Many of our testers wondered if vectoring real compressed tissue sideways into tissue would actually destroy that adjacent tissue that is not directly in the path of the projectile. For those who think this will only work in a non-compressible fluid like gel as we initially did, we can confirm that this technology works extremely well in actual animal tissue with or without barriers. Remember that hollow points expand because tissue which fills the hole in the hollow point is compressed to such a point that the outward pressure inside the bullet pushes and tears the metal and forces it outward where friction then takes over to complete the expansion. If tissue can be compressed to the point of tearing metal (hollow point) then tissue can certainly be compressed to the point of tearing tissue. The Phase 4/5 tissue tests confirmed that in over 100 shots the measured wound channel was not only larger than that of an FMJ but in most cases was the largest wound channel produced in that caliber compared to all other rounds to include fully functioning hollow points.
a. Penetration. All rounds in all calibers tested penetrated 15.2 – 20 inches with and without barriers.
b. Reliability and Consistency. Every single shot did roughly the same thing. There is a 0% chance of failure to function because there can be no failure to tumble or expand (because they don’t) and no chance to fragment. This was the most Reliable and Consistent round tested.
c. Barrier Performance. The XD round, the 5.7 mm rounds and FMJs were the most barrier blind rounds tested. Not only did barriers not deflect the round it didn’t change the wound diameter much and only slightly reduced penetration depth. XD Barrier degradation was approximately 5%.
d. PWC. In the Phase 4/5 realistic tissue tests the XD produced the largest wound areas and with the incredible penetration depth exhibited in the Phase 2/3 gel tests the XD recorded the largest overall PWC in all calibers. As noted the PWC numbers are inflated in the Phase 2/3 gel tests due to non-compressible gel, but the penetration depths are more realistic to compare.
Overall: This was by far the most impressive round tested. After over a year of testing this round became the most requested round to test after some of the agencies reviewed draft shot data. In continued testing this round became the most measured and compared round in this test. We had more XD data points than any other round. Because the XD relies so heavily on velocity the results showed that the 357 SIG, 10mm and 9mm were the best calibers in this round followed by the .45 and then the .40, the exact opposite of the hollow point results.”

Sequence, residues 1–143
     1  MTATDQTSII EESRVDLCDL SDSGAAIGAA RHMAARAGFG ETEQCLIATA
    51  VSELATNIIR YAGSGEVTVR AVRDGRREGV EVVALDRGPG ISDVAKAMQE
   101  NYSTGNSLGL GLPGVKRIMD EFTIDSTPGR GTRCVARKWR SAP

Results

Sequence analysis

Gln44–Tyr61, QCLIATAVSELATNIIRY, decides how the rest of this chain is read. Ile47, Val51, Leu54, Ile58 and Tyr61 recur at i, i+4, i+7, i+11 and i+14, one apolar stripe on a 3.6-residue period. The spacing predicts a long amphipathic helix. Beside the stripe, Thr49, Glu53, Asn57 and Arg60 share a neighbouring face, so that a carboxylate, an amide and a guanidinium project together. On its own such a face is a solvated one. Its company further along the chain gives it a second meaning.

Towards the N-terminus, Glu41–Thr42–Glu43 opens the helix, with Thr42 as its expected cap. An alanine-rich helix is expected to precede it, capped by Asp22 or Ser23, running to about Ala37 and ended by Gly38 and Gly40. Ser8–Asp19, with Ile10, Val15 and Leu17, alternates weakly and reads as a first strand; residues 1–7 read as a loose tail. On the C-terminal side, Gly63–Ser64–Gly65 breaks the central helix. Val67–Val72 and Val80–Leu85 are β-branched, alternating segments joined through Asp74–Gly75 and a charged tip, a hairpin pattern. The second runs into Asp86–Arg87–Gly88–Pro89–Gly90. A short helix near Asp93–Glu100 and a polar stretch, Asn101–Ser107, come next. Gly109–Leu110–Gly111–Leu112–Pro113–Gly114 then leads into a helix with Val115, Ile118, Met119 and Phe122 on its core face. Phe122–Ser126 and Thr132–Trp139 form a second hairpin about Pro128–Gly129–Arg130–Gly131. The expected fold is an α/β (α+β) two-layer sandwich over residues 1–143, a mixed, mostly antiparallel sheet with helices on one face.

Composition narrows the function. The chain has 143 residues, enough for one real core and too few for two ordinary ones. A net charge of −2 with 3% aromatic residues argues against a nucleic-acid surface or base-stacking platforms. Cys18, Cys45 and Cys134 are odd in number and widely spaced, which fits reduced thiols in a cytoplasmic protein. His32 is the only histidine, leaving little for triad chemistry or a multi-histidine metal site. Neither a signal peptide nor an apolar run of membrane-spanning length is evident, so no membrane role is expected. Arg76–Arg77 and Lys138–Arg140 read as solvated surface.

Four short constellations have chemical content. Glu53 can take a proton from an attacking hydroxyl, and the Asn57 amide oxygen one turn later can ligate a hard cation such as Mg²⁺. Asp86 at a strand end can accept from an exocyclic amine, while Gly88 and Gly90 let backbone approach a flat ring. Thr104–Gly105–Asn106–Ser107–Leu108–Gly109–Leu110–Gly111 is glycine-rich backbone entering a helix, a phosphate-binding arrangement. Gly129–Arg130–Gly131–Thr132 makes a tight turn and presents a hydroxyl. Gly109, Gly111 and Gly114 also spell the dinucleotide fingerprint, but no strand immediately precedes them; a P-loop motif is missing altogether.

These rounds are not cheap…and I agree JHP’s have a good track record. But lots of folks been stopped by FMJ’s too. So educate yourself and choose what you want.
That report is a bunch of BS.
The inaccurate jargon gives it away.
The bullet's wounding effects are very simple to describe: the bullet has ribs that cut soft tissues as it penetrates. The flutes propel the soft tissues radially away from the wound track, creating a slightly larger temporary cavity diameter than produced by an expanding JHP bullet (softball diameter vs. baseball diameter). The temporary cavity can cause the cuts in the soft tissues to tear, which increases permanent disruption. There's no magic involved nor is there any need for inaccurate pseudo-scientific jargon to explain the mechanics of wounding, other than to dazzle the unsuspecting with BS.
Ordnance gelatin does not accurately depict the wounding effects of this bullet because the temporary cavity, by itself, causes the gelatin to tear. Thus the wound "channel" produced in gelatin is not an accurate depiction of the bullet's wounding effects.
Believe what you want. I don’t believe this is a made up report…as far as I know it is real and from 2016.
The results said the solid copper projectiles showed the most consistency…does that surprise you? It really makes the most sense to me.
I’d suspect FMJ flat nose to also be pretty consistent, but round nose FMJ can deflect pretty easily, and I’d think the grooves will n the XP’s would help stabilize the round.
we all know bullet manufacturers look for the Goldilocks JHP, the one that expands a lot while still penetrating sufficiently. And a JHP is really designed for a certain velocity, are they not? Too fast, and they open like a parachute and slow down too fast. Too slow and they don’t open up and act like an FMJ and “over penetration” is an issue in some cases.
the XD bullets don’t clog, don’t over-expand…they just work. The videos are pretty revealing if you haven’t watched them. Military Arms Channel has a few really good ones.
Thanks, guys. I never knew about the "Ctrl", "+", and "zero" functions. I was able to download higher resolutions so that when they are enlarged, they can be read.
Here's just one example that shows this report is complete BS:
Skin is only a factor when the bullet exits the body. The bullet crushes skin tissue as it enters the body, just like any other soft tissue, and there's no difference in penetration resistance. However when a bullet encounters unshored skin when it attempts to exit the body, the skin stretches, and acts like a trampoline. Skin may retain the bullet inside the body just underneath the skin, or skin may stretch to its limit and then tear, allowing the bullet to exit, creating an exit wound. (The tears in skin can be folded back to their original positions and very little tissue is missing.) Only when UNSHORED skin stretches, can it present as much as 4" of penetration resistance as typical soft tissues. If skin is shored at the exit point (by something like a bra strap, belt, seat back, etc.), then the bullet simply crushes the skin and passes through it instead of stretching it.
If we're talking about humans, that's consistent with everything I've seen on the topic.